Harry V

Finished Order of the Phoenix last night.

What I liked: the fact that the kids have figured out that school isn’t the thing that matters most. The underlying theme that when you’re not getting what you want from school, you need to take matters into your own hands, whether by learning on your own or leaving entirely. Umbridge as villain. The fact that Dumbledore finally realizes withholding information is an issue. The way Snape was handled, in general. (And I had some issues with this in earlier books.) The hints that future books are possibly going to deal more and more with the whole issue of school cruelty. (Anyone else notice that, for all that they’re victims, Harry and Ron are not innocent in this regard? And that towards the end Harry was, just, beginning to get it?)

Things that irritated me: the weakly paced, overly drawn out plotting. The story that depends on characters not speaking to each other. And the fact that Rowling doesn’t know how to kill off characters well.

This last was a gripe for me in the last book as well as this one. Killing characters is necessary to make the war real, but I think Rowling thinks that’s as far as their deaths need to go. So both the characters she’s killed off merely die because they get in the line of fire when people are shooting. In Order of the Phoenix the character who dies does die fighting, until in Goblet of Fire, but still … he doesn’t die doing anything, he just dies because there’s a battle going on and he’s in it.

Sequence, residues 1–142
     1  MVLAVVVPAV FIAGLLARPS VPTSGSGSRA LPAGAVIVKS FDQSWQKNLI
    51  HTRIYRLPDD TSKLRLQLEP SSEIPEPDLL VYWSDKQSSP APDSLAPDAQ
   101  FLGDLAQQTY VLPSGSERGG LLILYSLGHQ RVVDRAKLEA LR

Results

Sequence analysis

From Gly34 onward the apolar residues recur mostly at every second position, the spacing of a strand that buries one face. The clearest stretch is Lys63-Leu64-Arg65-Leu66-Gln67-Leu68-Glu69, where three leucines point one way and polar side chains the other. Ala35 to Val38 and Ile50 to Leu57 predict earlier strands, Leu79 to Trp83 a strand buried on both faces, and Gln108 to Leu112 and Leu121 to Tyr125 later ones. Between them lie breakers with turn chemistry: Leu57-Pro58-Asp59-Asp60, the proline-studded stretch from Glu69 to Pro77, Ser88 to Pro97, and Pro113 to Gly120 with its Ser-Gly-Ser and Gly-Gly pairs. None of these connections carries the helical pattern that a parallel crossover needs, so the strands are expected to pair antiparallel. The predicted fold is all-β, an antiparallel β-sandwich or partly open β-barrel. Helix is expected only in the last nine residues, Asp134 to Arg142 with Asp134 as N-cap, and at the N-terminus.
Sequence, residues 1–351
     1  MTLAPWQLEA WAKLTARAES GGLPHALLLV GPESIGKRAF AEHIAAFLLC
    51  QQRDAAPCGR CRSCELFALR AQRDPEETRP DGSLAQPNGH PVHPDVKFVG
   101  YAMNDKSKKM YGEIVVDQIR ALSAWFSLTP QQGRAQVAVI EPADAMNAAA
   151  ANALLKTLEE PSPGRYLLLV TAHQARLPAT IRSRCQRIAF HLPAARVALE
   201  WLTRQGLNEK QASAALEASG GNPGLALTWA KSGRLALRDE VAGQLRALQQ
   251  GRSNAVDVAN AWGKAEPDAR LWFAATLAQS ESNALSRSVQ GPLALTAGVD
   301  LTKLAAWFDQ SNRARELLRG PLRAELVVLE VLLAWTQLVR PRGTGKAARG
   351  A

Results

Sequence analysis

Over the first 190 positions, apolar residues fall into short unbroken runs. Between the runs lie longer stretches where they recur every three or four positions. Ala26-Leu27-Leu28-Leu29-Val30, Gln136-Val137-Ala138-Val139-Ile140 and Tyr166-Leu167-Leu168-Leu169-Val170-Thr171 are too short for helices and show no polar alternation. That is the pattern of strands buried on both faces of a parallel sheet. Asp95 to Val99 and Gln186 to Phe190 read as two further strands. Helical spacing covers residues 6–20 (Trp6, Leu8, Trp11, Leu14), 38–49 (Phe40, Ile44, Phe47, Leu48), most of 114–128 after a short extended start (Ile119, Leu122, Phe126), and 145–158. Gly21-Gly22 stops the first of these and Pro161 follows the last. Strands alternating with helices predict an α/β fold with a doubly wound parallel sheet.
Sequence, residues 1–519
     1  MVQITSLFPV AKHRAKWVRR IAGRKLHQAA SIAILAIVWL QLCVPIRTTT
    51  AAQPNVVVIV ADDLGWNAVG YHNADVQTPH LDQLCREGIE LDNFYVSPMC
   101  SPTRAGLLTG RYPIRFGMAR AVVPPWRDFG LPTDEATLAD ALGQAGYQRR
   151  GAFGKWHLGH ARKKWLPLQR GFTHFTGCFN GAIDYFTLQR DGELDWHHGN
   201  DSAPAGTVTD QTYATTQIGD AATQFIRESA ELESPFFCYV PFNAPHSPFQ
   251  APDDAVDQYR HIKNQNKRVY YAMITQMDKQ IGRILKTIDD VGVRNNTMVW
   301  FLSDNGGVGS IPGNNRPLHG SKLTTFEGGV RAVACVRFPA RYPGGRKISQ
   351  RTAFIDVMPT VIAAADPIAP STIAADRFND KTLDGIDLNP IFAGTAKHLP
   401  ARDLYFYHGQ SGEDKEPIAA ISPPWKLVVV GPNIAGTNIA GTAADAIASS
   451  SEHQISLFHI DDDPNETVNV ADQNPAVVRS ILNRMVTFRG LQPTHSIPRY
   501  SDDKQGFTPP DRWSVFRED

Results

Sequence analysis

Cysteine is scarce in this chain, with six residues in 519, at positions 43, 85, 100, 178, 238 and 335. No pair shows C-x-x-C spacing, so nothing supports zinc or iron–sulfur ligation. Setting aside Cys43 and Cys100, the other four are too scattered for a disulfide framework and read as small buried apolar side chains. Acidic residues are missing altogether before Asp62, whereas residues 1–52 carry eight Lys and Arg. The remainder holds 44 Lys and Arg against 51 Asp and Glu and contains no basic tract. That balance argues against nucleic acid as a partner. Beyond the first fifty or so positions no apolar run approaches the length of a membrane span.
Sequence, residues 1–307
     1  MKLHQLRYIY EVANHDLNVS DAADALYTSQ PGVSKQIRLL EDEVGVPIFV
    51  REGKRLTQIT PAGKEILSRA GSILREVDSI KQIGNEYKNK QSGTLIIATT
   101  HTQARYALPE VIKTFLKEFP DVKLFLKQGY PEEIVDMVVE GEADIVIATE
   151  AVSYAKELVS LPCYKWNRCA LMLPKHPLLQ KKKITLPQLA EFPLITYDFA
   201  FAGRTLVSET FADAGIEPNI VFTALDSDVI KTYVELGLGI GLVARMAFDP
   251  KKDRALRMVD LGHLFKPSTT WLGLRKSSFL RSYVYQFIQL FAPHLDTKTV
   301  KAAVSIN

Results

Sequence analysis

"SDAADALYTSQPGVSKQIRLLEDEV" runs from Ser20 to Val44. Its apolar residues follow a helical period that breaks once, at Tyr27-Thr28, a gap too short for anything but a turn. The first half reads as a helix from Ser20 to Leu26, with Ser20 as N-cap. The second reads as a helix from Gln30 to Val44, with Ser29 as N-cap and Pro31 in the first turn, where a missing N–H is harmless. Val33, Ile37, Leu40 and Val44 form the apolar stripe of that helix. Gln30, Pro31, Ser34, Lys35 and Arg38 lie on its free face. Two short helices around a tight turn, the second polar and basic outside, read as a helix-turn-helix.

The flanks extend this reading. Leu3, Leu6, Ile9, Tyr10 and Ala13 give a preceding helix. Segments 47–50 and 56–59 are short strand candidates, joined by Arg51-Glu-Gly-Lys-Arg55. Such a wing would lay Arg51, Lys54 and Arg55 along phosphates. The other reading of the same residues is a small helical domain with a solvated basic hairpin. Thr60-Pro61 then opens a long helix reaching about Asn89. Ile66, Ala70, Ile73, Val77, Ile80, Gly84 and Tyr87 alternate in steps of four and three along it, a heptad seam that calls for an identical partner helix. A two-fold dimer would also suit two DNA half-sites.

But characters can also die because they’re active trying to do something–to defend or protect someone, to accomplish some specific thing; or at least in some way that specifically reflects upon them and their character. They can die nobly or foolishly, but they need to die in specific ways, not just because “people die” and the book needs to show this.

I’m not sure I’m explaining this well. But as it is, the killing off of characters is done in a way that seems gratuitous rather than to purpose.

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